The Israeli authorities renewed efforts to clamp down hard on Internet gambling operations allegedly operating from within the Middle Eastern country this week, with the Jerusalem Post reporting that three hundred police officers and tax authority officials raided 37 homes across the country and arrested up to 30 suspects.
Police sources said that following a year-long investigation it was believed that the online gambling ring's website at Bet555.net, later Betbet.us, had brought in over 340 million shekels (around US$90 275 326) for its Israeli owners over a three year period.
The raids were carried out by the Israeli police's special unit Lahav 433, accompanied by officials from the national tax authority, state prosecutors and representatives from the Israel Money Laundering Prohibition Authority. Initial reports said that tens of millions in assets including cars were confiscated and 160 bank accounts in various banks were seized.
In preparing for the operation, Israeli police obtained twenty court orders prior allowing them to seize suspects' vehicles and assets.
Central to the allegations is an as yet unnamed 38-year-old from Or Yehuda.
"We employed techniques to monitor the website which are very similar to eavesdropping," a police source told The Jerusalem Post. He went on to describe the gambling ring as a "pirate sports gambling industry that has taken in more than NIS 340 million since 2007."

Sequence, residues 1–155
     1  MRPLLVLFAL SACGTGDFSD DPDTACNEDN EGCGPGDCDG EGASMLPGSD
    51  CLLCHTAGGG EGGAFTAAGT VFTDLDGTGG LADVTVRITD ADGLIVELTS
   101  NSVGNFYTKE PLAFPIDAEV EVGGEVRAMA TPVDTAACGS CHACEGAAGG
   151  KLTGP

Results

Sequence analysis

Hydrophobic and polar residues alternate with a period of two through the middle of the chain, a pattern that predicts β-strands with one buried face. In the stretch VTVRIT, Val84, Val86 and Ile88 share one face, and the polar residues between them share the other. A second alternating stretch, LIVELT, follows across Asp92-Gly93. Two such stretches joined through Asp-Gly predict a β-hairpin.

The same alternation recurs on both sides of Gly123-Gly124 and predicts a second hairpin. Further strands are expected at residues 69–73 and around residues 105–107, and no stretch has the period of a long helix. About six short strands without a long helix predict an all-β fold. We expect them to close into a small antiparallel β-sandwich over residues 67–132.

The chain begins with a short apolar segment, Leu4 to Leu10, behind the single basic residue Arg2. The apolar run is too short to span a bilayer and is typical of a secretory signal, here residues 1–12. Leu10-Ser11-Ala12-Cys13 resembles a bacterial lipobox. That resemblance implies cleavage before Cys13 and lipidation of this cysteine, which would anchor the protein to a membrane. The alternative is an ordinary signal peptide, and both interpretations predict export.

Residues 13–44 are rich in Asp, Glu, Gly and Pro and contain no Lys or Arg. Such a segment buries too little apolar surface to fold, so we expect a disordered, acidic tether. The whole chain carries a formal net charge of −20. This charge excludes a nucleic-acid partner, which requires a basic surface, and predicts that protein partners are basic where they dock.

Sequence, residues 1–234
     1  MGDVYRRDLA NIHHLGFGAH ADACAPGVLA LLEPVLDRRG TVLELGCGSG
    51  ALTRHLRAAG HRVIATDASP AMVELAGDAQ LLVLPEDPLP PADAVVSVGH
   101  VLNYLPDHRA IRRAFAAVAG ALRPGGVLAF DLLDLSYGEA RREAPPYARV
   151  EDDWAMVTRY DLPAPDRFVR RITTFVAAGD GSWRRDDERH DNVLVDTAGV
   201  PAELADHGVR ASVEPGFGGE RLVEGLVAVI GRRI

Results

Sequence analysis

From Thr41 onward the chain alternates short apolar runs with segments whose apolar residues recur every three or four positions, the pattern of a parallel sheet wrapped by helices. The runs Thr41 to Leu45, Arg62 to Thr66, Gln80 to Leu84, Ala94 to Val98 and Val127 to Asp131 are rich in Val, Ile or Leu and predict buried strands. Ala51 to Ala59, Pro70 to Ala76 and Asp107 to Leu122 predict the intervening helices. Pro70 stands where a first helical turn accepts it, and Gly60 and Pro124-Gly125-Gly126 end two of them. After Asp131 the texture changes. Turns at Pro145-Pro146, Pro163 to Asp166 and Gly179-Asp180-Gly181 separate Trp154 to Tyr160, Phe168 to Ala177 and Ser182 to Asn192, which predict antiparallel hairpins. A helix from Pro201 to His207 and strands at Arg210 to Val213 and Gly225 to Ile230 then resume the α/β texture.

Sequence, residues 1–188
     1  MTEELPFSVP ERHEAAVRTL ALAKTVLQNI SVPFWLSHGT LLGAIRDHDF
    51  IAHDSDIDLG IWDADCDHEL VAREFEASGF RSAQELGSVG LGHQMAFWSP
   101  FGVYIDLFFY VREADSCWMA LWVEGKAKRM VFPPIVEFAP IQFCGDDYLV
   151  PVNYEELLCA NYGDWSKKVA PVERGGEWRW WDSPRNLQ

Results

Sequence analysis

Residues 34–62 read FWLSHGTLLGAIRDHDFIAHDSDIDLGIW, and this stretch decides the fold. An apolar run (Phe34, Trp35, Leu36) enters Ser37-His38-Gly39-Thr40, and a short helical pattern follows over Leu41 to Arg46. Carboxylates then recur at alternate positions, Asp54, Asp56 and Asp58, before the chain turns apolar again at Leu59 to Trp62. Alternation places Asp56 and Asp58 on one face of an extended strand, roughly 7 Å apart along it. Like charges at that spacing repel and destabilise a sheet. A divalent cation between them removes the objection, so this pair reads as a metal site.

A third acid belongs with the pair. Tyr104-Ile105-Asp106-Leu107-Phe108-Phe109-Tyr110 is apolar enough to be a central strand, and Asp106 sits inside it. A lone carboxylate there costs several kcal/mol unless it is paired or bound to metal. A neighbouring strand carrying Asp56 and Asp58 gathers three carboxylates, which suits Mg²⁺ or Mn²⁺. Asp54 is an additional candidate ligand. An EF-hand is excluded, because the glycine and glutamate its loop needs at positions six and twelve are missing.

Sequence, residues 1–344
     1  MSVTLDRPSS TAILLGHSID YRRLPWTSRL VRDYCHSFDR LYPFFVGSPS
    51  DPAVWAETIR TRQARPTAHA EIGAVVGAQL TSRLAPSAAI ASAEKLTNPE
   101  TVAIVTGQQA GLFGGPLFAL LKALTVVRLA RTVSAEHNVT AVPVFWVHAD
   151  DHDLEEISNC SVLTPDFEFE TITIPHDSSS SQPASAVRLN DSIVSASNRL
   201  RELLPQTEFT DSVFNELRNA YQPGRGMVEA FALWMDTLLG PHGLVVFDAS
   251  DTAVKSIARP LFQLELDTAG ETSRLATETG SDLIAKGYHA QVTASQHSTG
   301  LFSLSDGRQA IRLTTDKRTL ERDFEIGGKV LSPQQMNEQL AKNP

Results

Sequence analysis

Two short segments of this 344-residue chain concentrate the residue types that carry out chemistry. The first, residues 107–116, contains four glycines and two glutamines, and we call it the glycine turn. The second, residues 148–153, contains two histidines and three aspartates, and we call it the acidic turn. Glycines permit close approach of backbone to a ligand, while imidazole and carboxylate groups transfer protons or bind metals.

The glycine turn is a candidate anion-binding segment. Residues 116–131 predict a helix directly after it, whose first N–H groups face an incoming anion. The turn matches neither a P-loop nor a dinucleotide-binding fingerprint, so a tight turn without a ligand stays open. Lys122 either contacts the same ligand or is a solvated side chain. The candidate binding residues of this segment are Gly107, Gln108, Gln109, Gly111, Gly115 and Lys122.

The police spokesman claimed that Internet gambling is associated with criminal organisations and "....brings with it other forms of serious crimes, like aggravated extortion, violence, money laundering, tax offenses, and theft of monies from public funds."
An elaborate hi-tech support network enabled the website's ongoing operation, police said, including a website construction team, a technical support team, and betting agents.
"Millions of shekels in clean profit were made by the website's operators," police claimed. "Between April 2007 and June 2009, 70 million visits were recorded on the website, mostly by gamblers," police added.
Police said Monday's raids were the result of the first undercover investigation led by the Joint Intelligence Center (JIC).
In March 2007, the government set up the JIC and tasked it with providing information to various police and Tax Authority task forces investigating crime organizations.
The center is based in the Intelligence Branch of the Israel Police headquarters in Jerusalem. It includes police representatives, Tax Authority officials, and members of the Money Laundering Prohibition Authority.
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